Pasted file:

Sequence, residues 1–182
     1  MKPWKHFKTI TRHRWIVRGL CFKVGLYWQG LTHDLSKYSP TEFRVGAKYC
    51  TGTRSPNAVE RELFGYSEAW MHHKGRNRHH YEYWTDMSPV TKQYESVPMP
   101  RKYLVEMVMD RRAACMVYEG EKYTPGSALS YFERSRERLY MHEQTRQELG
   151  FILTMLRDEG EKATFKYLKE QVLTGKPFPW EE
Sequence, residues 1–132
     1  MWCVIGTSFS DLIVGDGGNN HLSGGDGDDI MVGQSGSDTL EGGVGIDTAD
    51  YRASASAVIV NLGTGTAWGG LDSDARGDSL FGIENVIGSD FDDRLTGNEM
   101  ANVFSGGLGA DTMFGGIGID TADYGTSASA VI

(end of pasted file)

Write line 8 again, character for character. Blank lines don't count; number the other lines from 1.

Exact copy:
    51  YRASASAVIV NLGTGTAWGG LDSDARGDSL FGIENVIGSD FDDRLTGNEM